Outdoor and Environmental Journalism class draws on insight from area experts

This semester, I am teaching a new class here at the University of Minnesota Duluth. It’s really less a course and more just a great opportunity to invite some of this region’s top environmental and outdoor storytellers to come to campus, share their work and talk about how they tell stories.

I can’t believe I get paid to do this.

Each week, we’ll have a new guest. We’ll read their work. We’ll write about it. And then we’ll ask them a bunch of questions that basically boils down to this:

How’d you do that?

The hope is that these visits will show students that writing and storytelling take hard work, and that storytellers have their own unique writing processes that they use to help them go from the conception of an idea to a finished product.

The process approach to writing and the teaching of writing is something I was first exposed to in a class that has largely inspired this one. It was called Nature Writing, a class taught at Humboldt State University by English professor David Boxer.

In that class, I was exposed to the work of some great outdoor and environmental writers — John McPhee and Annie Dillard immediately come to mind. But what had even greater impact was reading “Write to Learn” by longtime journalist and writing coach Don Murray. Murray’s ideas demystified writing for me. He showed me that if I thought of writing as a step-by-step process, it would help me understand that writers like McPhee and Dillard didn’t just start typing and out poured the magical prose on their first attempt. To the contrary. Writing, great writing (or even good writing in my case), comes through a process in which an idea evolves through reporting, focusing and revision.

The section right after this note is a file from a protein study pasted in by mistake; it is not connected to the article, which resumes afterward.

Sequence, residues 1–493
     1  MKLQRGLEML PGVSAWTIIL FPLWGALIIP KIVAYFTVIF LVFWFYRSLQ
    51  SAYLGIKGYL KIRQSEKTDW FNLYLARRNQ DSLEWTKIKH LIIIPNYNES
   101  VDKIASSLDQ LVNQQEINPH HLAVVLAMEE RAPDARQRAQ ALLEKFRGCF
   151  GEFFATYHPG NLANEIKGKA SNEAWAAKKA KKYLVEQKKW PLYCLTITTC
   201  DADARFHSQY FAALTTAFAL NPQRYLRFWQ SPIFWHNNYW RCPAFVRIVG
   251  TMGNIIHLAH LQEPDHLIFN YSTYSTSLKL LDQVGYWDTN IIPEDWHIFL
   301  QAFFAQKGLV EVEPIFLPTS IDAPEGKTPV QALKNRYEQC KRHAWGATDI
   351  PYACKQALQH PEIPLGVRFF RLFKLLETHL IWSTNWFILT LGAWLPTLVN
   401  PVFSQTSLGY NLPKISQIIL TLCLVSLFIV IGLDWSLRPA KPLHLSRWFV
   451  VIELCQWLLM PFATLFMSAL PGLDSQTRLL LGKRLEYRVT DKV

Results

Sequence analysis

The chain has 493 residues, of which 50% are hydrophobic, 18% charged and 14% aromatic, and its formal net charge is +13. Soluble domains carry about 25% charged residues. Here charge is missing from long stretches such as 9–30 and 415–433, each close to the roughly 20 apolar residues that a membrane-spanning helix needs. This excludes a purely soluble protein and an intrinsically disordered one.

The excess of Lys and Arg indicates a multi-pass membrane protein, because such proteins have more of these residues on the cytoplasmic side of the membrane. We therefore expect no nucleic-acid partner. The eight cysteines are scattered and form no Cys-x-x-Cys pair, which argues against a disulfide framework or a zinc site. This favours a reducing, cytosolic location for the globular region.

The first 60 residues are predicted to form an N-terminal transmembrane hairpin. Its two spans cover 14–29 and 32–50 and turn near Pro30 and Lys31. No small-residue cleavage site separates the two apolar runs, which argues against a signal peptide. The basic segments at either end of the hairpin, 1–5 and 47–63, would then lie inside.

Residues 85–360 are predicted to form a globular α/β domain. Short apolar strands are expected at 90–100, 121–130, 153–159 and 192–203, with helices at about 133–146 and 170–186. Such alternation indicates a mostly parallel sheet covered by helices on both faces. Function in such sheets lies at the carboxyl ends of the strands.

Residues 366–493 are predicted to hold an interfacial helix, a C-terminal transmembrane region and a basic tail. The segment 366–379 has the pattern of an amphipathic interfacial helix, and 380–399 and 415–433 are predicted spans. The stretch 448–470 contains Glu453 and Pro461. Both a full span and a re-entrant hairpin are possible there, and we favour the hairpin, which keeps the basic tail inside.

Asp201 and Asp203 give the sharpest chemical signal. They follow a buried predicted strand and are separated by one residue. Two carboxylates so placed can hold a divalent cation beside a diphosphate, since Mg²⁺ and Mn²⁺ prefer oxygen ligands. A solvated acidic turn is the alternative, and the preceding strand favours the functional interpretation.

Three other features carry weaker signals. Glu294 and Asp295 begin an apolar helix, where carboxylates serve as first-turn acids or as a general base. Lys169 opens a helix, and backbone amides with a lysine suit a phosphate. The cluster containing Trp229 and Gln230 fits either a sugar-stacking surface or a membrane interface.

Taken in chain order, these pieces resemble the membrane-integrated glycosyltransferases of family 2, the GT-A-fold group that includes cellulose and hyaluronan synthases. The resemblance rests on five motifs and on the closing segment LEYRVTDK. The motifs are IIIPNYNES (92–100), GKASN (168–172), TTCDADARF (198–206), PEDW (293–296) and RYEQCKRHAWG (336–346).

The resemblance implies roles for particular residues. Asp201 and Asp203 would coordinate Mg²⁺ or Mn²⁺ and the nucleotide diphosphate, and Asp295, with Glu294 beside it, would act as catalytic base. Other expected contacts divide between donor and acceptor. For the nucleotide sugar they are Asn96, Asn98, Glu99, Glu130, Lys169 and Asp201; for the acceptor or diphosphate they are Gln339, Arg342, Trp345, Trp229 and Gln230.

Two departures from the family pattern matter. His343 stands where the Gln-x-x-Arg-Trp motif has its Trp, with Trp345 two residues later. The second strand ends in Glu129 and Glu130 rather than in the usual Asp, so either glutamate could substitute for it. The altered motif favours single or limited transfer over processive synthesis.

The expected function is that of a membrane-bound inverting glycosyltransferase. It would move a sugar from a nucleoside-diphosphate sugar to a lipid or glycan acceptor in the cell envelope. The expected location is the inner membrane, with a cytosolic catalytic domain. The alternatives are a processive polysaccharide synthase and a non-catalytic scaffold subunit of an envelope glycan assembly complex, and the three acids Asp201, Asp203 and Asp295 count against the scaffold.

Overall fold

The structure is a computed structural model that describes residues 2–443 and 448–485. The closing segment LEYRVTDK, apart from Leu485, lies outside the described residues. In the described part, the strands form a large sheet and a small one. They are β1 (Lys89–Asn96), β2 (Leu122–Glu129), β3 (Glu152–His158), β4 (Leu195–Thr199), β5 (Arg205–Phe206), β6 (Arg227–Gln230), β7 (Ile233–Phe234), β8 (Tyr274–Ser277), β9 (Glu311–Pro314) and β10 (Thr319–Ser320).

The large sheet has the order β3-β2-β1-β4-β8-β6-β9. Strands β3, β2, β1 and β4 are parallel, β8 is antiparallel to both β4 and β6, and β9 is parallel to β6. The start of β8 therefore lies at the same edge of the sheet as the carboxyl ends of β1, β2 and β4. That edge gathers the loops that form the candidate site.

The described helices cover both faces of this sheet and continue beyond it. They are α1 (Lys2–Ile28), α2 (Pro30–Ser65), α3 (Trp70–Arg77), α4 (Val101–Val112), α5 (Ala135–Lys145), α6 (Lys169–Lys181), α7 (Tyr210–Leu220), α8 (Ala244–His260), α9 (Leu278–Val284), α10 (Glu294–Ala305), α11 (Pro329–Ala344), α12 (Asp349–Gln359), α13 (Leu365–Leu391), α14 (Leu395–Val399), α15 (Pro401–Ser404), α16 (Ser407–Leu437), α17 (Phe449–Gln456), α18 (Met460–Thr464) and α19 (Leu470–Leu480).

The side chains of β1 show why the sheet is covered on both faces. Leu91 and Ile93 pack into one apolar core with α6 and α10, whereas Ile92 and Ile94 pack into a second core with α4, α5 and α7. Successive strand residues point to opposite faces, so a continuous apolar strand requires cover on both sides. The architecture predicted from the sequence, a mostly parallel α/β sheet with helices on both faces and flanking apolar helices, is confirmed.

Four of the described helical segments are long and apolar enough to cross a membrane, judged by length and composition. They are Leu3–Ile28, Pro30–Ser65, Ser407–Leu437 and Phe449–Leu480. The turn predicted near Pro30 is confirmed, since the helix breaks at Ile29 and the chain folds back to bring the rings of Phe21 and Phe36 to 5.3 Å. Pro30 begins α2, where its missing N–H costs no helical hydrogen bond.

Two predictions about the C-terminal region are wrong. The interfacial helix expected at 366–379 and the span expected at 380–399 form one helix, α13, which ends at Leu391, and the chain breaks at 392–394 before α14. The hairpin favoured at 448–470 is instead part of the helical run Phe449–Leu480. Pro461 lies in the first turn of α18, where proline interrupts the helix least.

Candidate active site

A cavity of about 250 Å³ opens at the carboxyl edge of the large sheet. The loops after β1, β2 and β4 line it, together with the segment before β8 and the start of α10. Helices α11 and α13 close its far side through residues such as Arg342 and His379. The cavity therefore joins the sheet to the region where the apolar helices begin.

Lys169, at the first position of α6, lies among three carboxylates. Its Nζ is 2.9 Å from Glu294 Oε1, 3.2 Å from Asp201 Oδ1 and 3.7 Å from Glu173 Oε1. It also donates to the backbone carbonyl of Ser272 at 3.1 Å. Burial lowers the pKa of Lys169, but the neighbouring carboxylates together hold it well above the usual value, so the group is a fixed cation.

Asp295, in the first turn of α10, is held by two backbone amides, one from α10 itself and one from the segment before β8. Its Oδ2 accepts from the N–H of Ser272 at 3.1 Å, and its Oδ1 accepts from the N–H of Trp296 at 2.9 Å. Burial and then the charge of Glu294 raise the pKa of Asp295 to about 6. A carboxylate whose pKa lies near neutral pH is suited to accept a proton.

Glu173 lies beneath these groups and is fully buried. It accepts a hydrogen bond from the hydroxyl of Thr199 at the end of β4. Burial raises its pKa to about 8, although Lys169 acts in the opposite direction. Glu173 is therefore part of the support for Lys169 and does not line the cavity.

And more revision.

Years later, another Murray disciple, Chip Scanlan, of the Poynter Institute for Media Studies, said it to me another way: “Great writing may be magic, but it’s not magical.”

Murray helped me be OK with producing writing that wasn’t that good. He taught me that just like any craft, it takes persistence, repetition and a willingness to keep working to get better.

As the essayist Roger Angell notes in the forward to the classic text, “The Elements of Style,” “Writing is hard, even for authors who do it all the time.”

And I guess that’s my hope for this class I’m about to teach: That by reading a lot, writing a lot and talking with talented people about how they approach their work, a new group of writers will be encouraged to tell their stories.